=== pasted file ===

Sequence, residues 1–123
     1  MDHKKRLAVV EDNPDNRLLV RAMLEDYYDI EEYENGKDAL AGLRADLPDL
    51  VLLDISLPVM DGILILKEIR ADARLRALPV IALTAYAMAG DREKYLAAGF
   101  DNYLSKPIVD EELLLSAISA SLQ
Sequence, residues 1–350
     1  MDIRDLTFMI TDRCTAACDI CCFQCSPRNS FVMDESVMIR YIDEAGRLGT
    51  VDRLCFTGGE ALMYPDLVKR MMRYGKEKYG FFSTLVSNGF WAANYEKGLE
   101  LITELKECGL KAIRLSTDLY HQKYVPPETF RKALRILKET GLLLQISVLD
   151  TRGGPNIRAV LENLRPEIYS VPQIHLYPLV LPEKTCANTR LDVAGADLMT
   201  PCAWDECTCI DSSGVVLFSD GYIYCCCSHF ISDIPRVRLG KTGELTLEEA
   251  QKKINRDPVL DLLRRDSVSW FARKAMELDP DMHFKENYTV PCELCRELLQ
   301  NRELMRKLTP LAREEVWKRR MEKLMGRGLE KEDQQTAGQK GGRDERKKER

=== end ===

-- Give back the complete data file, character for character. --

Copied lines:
Sequence, residues 1–123
     1  MDHKKRLAVV EDNPDNRLLV RAMLEDYYDI EEYENGKDAL AGLRADLPDL
    51  VLLDISLPVM DGILILKEIR ADARLRALPV IALTAYAMAG DREKYLAAGF
   101  DNYLSKPIVD EELLLSAISA SLQ
Sequence, residues 1–350
     1  MDIRDLTFMI TDRCTAACDI CCFQCSPRNS FVMDESVMIR YIDEAGRLGT
    51  VDRLCFTGGE ALMYPDLVKR MMRYGKEKYG FFSTLVSNGF WAANYEKGLE
   101  LITELKECGL KAIRLSTDLY HQKYVPPETF RKALRILKET GLLLQISVLD
   151  TRGGPNIRAV LENLRPEIYS VPQIHLYPLV LPEKTCANTR LDVAGADLMT
   201  PCAWDECTCI DSSGVVLFSD GYIYCCCSHF ISDIPRVRLG KTGELTLEEA
   251  QKKINRDPVL DLLRRDSVSW FARKAMELDP DMHFKENYTV PCELCRELLQ
   301  NRELMRKLTP LAREEVWKRR MEKLMGRGLE KEDQQTAGQK GGRDERKKER